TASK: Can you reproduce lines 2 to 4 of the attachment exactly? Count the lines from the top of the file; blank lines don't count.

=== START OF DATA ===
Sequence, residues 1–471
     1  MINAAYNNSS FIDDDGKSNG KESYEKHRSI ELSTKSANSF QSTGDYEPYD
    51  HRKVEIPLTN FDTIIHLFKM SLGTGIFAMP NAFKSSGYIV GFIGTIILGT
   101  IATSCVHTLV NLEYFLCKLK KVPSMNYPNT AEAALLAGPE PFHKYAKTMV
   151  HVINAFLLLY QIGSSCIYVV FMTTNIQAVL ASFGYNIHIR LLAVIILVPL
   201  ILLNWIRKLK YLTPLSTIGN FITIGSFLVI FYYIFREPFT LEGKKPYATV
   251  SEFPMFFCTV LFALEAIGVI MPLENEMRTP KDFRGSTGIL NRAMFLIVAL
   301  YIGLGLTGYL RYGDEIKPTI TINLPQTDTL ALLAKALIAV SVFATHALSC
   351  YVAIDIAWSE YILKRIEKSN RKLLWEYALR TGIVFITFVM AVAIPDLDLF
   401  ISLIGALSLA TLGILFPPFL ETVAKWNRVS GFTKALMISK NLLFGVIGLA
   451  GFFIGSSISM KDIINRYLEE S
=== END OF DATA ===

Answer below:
     1  MINAAYNNSS FIDDDGKSNG KESYEKHRSI ELSTKSANSF QSTGDYEPYD
    51  HRKVEIPLTN FDTIIHLFKM SLGTGIFAMP NAFKSSGYIV GFIGTIILGT
   101  IATSCVHTLV NLEYFLCKLK KVPSMNYPNT AEAALLAGPE PFHKYAKTMV